Perhaps too smooth, Steussie said.

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"It seemed like there were plenty of signs the stars were aligning," he said. "I wish maybe that hadn't been the case quite as much. (Head coach) Denny Green (who died in 2016) did a great job keeping our heads screwed on our shoulders. But the one lesson I learned from that year was winning the way we were every week can be dangerous too."

He added, "I would have liked to see our mettle tested a little more before we got into the playoffs."

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Yes, the playoffs. No telling of the 1998 Vikings' story can avoid what happened there. After rolling past Arizona 41-21 in the divisional round, the team played host to the Falcons in the NFC Championship Game on Jan. 17, 1999.

The Vikings were huge favorites, despite the fact Atlanta had gone 14-2 in the regular season.

But, every fan old enough to remember knows what happened next.

A 20-7 first-half lead ... a missed fourth-quarter field goal by kicker Gary Anderson who had not missed one all year that would have given the Vikings a 10-point lead ... the Falcons tying the game 27-27 in the final minute of regulation ... the Vikings taking a knee on third down just before overtime ... Morten Andersen's 38-yard field goal in overtime to send Atlanta to Miami and the Super Bowl where the Falcons lost 34-19 to John Elway and the Denver Broncos.

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It all still stings, even two decades later.

"It's part of the story, 100 percent," said Steussie, who went on to play in a Super Bowl with the Carolina Panthers five years later. "There's no way it can't be. There's no such thing as being almost-pregnant, and there's only one team that can say they are the best at the end of each season. We weren't it."

"Did we have the talent and pieces in place to be that team," he added. "Yes we did. But that's the most disappointing part. We didn't finish the job. It doesn't debilitate me or anything. But it's tough to come up short like that. Especially when a team has that kind of talent and that kind of opportunity."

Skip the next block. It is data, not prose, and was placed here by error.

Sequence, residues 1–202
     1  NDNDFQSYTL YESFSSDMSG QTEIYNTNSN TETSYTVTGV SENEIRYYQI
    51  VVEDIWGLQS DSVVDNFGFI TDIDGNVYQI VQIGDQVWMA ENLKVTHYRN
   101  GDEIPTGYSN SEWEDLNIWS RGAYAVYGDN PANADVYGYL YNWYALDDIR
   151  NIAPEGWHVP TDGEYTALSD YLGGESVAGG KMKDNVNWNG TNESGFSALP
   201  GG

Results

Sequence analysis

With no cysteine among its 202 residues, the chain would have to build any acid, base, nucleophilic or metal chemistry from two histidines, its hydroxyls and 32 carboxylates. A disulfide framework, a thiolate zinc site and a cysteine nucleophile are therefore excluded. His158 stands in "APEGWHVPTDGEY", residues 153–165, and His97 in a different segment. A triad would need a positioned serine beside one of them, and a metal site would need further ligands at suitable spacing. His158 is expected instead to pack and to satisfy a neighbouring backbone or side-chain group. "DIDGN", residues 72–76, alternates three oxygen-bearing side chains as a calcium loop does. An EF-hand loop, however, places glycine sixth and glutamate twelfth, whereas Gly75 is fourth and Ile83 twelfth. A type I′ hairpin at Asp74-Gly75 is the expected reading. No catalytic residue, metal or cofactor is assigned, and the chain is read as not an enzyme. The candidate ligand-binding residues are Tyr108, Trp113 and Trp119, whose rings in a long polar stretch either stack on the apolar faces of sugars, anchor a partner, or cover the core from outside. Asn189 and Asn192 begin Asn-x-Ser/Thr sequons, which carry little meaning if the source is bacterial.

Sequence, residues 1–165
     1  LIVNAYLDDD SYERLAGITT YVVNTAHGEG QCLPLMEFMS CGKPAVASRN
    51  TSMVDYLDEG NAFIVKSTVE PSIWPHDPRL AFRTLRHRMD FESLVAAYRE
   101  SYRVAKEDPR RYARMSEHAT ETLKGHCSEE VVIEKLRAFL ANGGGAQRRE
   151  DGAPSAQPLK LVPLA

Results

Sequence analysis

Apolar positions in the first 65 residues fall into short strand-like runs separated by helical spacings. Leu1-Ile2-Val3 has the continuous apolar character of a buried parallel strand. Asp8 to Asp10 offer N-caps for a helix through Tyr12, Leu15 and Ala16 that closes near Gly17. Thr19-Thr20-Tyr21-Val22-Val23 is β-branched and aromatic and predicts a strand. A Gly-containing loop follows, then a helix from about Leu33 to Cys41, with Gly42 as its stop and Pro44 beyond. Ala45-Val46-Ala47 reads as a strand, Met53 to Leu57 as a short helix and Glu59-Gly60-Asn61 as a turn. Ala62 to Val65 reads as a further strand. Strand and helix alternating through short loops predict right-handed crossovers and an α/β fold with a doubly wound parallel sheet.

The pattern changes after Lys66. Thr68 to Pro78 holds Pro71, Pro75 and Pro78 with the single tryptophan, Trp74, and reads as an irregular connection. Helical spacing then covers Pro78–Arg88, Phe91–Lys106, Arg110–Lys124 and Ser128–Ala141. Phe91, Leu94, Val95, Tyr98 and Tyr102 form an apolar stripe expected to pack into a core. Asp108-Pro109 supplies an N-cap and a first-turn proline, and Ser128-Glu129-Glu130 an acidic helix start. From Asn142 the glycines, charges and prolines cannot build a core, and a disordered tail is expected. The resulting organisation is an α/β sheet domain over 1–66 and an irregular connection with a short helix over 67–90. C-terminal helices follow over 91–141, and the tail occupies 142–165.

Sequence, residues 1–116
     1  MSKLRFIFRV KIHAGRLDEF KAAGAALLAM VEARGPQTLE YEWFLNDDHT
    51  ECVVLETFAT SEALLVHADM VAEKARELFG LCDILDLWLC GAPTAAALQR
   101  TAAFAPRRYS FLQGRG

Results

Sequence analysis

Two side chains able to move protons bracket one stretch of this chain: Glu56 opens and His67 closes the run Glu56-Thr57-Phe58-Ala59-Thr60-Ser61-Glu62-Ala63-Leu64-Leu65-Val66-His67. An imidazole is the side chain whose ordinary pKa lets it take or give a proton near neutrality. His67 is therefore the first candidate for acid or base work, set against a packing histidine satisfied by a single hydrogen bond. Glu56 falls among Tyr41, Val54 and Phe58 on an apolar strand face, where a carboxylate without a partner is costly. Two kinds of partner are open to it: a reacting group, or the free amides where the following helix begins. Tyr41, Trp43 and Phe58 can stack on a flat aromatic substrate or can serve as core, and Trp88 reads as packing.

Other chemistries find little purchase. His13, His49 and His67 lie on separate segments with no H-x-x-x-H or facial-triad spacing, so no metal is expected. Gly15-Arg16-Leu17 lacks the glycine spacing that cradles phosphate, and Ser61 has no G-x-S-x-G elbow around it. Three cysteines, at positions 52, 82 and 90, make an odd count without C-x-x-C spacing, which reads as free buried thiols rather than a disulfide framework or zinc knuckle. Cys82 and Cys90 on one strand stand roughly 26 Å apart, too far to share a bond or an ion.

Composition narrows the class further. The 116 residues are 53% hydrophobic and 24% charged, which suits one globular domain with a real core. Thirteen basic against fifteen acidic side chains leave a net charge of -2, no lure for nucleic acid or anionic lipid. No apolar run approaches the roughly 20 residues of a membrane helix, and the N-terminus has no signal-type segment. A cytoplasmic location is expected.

"The best team didn't win that day," McCombs said. "But the people of Minnesota knew they had the best team. I always had a great relationship with the people of Minnesota. They really welcomed our family, and I always felt like we did a good job managing the team while we were there."

He continued, "To me, the team belongs to the fans. But I felt like we did a good job managing it while we had it. And I still support and follow the Vikings."

The 1998 team did re-energize the Vikings' fan base, creating a new generation of followers not yet born, or not old enough to remember, the team's four Super Bowl berths and losses.

That legacy will be honored this weekend, marking a reunion for players who made it happen.

"It will be the first time in awhile I've seen a lot of those guys," Steussie said. "I still talk to Robert Smith fairly frequently. And there are a couple of other guys I talk to maybe not as frequently; but everyone gets caught up in life, and they get busy with whatever they're involved in. So it will be good to see them again. 

"It does mean a lot that the Wilfs (owners of the Vikings) are honoring that team," he said. "Even though ultimately we didn't accomplish our final goal, but we accomplished a lot."


Frank Rajkowski